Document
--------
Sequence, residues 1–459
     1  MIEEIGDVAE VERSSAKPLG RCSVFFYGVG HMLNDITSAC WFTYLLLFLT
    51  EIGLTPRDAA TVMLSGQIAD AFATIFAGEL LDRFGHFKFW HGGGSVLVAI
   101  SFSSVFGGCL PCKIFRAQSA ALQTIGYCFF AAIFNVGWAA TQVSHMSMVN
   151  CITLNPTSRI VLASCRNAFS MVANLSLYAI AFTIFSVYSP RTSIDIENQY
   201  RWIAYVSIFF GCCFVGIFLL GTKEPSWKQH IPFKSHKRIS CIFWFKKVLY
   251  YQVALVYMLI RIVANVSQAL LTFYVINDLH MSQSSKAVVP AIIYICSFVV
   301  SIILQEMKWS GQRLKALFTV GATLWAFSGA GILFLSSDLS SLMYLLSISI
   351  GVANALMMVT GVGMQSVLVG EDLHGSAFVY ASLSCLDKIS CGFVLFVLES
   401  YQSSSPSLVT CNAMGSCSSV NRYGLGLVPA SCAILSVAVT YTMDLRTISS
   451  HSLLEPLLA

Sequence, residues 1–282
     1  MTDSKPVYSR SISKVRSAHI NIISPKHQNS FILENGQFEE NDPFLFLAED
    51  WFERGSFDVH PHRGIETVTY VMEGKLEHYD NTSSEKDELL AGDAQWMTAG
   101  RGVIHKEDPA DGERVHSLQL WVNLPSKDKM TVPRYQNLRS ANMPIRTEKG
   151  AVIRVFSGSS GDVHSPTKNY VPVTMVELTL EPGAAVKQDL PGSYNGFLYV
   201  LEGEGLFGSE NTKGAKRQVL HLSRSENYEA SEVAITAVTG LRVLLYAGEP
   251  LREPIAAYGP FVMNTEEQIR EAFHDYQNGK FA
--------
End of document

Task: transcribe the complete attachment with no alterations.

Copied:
Sequence, residues 1–459
     1  MIEEIGDVAE VERSSAKPLG RCSVFFYGVG HMLNDITSAC WFTYLLLFLT
    51  EIGLTPRDAA TVMLSGQIAD AFATIFAGEL LDRFGHFKFW HGGGSVLVAI
   101  SFSSVFGGCL PCKIFRAQSA ALQTIGYCFF AAIFNVGWAA TQVSHMSMVN
   151  CITLNPTSRI VLASCRNAFS MVANLSLYAI AFTIFSVYSP RTSIDIENQY
   201  RWIAYVSIFF GCCFVGIFLL GTKEPSWKQH IPFKSHKRIS CIFWFKKVLY
   251  YQVALVYMLI RIVANVSQAL LTFYVINDLH MSQSSKAVVP AIIYICSFVV
   301  SIILQEMKWS GQRLKALFTV GATLWAFSGA GILFLSSDLS SLMYLLSISI
   351  GVANALMMVT GVGMQSVLVG EDLHGSAFVY ASLSCLDKIS CGFVLFVLES
   401  YQSSSPSLVT CNAMGSCSSV NRYGLGLVPA SCAILSVAVT YTMDLRTISS
   451  HSLLEPLLA

Sequence, residues 1–282
     1  MTDSKPVYSR SISKVRSAHI NIISPKHQNS FILENGQFEE NDPFLFLAED
    51  WFERGSFDVH PHRGIETVTY VMEGKLEHYD NTSSEKDELL AGDAQWMTAG
   101  RGVIHKEDPA DGERVHSLQL WVNLPSKDKM TVPRYQNLRS ANMPIRTEKG
   151  AVIRVFSGSS GDVHSPTKNY VPVTMVELTL EPGAAVKQDL PGSYNGFLYV
   201  LEGEGLFGSE NTKGAKRQVL HLSRSENYEA SEVAITAVTG LRVLLYAGEP
   251  LREPIAAYGP FVMNTEEQIR EAFHDYQNGK FA